Facebook-owned instant messaging platform WhatsApp leads the online chat platform with nearly 1 billion monthly active users, but still continues to lure more users.
The app charges a small annual subscription fee of $0.99 for some of its users after the first year of usage. You may not have experienced the subscription fee and may be wondering. Well, the app offered a free lifetime service to most of its original users. Recent users are asked to subscribe to the service after one year of free access.
However, the company might ditch the policy soon, the company’s founder Jan Koum confirmed. He said the policy has not worked well since a huge number of users lack debit or credit cards and the company does not intend to cut their connection with family and friends. Mr. Koum was speaking in Munich where he attended a Digital-Life-Design Conference. Koum said the company is considering a business based means of maintaining the app after eradicating the annual fee.
The company plans to connect firms directly with the users through the app, charging the companies for the services in the process. Mr. Koum, however, said they have not reached a final decision- temporarily WhatsApp will charge multi-national companies for customer chat and calls services. For instance, an airline communicates to its customers about some inconveniences like flight revocation or some delays, they will be able to do that over the app, he emphasized.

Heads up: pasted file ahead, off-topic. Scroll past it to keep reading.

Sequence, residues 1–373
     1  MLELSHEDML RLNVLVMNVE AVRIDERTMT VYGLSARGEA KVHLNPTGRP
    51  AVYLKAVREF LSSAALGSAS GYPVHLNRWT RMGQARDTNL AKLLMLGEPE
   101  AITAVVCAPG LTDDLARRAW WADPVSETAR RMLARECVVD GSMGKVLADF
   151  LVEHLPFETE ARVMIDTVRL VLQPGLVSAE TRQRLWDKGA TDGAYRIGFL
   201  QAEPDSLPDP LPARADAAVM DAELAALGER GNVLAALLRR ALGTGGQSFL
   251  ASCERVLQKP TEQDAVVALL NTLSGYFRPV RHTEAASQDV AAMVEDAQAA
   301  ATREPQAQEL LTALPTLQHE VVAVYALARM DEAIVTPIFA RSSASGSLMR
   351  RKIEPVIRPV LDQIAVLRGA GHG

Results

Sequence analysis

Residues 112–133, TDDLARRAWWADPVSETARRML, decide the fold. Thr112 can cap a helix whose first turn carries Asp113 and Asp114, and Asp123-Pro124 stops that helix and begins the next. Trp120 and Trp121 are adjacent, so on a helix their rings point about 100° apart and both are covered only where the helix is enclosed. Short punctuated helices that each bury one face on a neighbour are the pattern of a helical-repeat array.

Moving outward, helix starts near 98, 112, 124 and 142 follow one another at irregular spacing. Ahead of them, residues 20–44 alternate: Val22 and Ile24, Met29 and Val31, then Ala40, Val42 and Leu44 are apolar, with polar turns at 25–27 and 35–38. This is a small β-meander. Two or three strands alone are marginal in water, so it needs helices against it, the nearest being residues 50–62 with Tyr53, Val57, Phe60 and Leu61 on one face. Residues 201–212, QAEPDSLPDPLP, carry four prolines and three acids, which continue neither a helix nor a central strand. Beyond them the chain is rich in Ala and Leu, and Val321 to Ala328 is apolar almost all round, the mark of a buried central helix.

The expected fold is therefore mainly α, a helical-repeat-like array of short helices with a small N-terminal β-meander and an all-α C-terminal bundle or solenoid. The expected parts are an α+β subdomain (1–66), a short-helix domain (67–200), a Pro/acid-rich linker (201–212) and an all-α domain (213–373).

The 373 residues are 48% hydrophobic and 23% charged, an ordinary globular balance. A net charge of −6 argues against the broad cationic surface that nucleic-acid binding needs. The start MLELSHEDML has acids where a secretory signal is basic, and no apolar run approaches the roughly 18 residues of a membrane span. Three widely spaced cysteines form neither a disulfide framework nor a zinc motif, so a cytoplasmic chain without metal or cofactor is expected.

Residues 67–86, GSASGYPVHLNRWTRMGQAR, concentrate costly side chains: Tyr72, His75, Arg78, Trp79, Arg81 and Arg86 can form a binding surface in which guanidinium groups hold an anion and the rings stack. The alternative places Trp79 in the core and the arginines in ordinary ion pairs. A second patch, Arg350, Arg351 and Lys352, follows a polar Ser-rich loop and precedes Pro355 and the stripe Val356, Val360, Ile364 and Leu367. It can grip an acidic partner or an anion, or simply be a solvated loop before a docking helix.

No advertising allowed
Even though doing away with the already small fee means the company must get an alternative source to meet its maintenance costs, WhatsApp is adamant it will not resort to third party ads. WhatsApp will remain ad free, maintaining its ultimate goal of avoiding spam and unnecessary advertisement, a statement on its official blog post confirmed.
The company instead will test tools that allow the users communicate with different business organizations over various issues. It is just like how you may receive a text message or a phone call from your bank or any other business informing you anything about your transactions or any other issue.
Mr. Koum and his co-founder Brian Acton are not relenting on their anti-advertisement policy, the duo confirmed on WhatsApp’s official blog post. The pair says advertisements disrupt aesthetics, interrupt train of thought and insult one’s intelligence, which is contrary to their aim of coming up with the platform. WhatsApp is not interested in the users’ data; rather the app focuses to bring a lovable, inexpensive, and dependable instant messaging experience.
WhatsApp parent company Facebook is already thinking on those lines. A similar feature is already under tests in Facebook Messenger app. The process is ongoing in the U.S.; selected business organizations have been given a go-ahead to pay for the service which will enable them message their clients directly via Messenger.
At a technology conference in Boston, David Wehner – Chief Financial Officer at Facebook – confirmed the possible B2C integration. He thinks that messaging apps can accumulate some huge revenue through B2C services.